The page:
context: Demographic trends are shrinking the labour force. Future workers will need the skills to operate and maintain automated production lines if China is to implement Made in China 2025 and move up the global value chain. This will be a challenge with worrisome rural high-school drop-out rates and no well-funded top-level action plan.

The state needs to step up support for professional training and talent cultivation lest the talent shortage inhibit industrial upgrading, argues 21st Century Business Herald, citing a publication by Peking University Centre for New Structure Economics (CNSE) and Overseas Development Institute (ODI). As China runs out of cheap labour and input materials it is becoming less attractive for labour-intensive manufacturing, making outsourcing inevitable, concludes the publication. Unlike Japan or Germany, China has enough workers—they just need to acquire the right skills. With appropriate policy guidance, enterprises will be able to adapt to outsourcing and upgrade their production, argues 21st Century Business Herald.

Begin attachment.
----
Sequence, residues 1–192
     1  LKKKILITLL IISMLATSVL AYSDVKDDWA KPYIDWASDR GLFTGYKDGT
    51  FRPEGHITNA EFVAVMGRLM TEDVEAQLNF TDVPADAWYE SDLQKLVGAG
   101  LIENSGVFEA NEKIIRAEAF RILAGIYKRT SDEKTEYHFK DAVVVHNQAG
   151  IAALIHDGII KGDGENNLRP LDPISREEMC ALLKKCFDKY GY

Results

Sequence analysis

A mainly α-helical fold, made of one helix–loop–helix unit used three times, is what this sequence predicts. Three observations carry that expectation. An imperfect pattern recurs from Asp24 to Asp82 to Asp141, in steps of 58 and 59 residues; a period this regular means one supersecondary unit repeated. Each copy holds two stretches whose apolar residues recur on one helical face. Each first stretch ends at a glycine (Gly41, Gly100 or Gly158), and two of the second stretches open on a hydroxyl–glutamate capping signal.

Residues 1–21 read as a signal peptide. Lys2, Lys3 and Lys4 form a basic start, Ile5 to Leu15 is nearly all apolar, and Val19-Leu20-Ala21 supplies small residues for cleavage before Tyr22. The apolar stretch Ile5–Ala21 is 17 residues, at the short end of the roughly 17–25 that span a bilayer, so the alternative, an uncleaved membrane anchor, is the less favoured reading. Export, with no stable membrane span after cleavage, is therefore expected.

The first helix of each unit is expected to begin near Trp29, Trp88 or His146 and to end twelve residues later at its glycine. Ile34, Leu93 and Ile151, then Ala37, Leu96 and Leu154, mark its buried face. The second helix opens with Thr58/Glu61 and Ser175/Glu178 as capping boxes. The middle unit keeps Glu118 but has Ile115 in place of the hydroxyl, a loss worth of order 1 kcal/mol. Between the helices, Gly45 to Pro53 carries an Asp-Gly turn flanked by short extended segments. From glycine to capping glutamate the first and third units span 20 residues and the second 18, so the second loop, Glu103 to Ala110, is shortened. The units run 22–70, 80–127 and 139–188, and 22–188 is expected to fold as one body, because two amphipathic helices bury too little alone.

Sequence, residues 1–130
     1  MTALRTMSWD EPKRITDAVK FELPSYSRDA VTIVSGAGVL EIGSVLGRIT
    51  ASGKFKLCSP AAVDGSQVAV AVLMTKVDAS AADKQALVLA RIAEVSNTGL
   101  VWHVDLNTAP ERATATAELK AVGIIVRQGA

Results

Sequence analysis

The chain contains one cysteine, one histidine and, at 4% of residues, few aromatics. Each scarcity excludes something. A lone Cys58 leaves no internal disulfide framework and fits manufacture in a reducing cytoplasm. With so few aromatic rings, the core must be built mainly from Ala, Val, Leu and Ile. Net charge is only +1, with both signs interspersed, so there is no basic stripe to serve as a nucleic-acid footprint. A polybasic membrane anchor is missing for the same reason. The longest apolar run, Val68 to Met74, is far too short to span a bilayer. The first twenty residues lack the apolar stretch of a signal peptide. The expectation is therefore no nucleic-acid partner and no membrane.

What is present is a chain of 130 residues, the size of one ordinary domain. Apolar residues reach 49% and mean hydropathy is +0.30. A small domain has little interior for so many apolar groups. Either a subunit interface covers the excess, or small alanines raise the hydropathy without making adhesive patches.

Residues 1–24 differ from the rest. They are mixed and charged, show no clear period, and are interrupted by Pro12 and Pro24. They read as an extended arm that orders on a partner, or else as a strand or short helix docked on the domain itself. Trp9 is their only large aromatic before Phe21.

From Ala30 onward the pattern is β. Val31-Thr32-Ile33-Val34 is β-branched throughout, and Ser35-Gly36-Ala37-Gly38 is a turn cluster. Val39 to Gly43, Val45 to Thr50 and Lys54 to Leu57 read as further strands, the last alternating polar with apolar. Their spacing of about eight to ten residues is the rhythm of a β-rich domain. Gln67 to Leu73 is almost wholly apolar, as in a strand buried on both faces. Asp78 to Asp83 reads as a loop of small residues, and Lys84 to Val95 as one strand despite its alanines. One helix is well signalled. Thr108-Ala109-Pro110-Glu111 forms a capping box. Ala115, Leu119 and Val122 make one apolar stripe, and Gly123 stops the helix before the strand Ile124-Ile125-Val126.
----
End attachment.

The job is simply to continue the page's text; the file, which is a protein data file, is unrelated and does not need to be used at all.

China does not lack innovation talent but is missing institutions and mechanisms to develop and capitalise on this potential, agrees The Paper, citing Yao Yang 姚洋 Pekin University National School of Development dean. Yao recommends

  • extending compulsory education from nine to 12 years
  • expanding secondary education, especially in rural regions, where high-school drop-out rates are alarming

The manufacturing industry is to employ 62 million trained workers by 2025, but faces a lack of almost 30 million people, according to ‘Manufacturing industry talent development guidelines’ from Ministry of Industry and Information Technology (MIIT), Ministry of Education (MoE) and Ministry of Human Resources and Social Security (MHRSS). Automation, software and system control engineers are needed most, adds Li Shaoyuan 李少远 Shanghai Jiaotong University School of Electronic Information and Engineering vice director.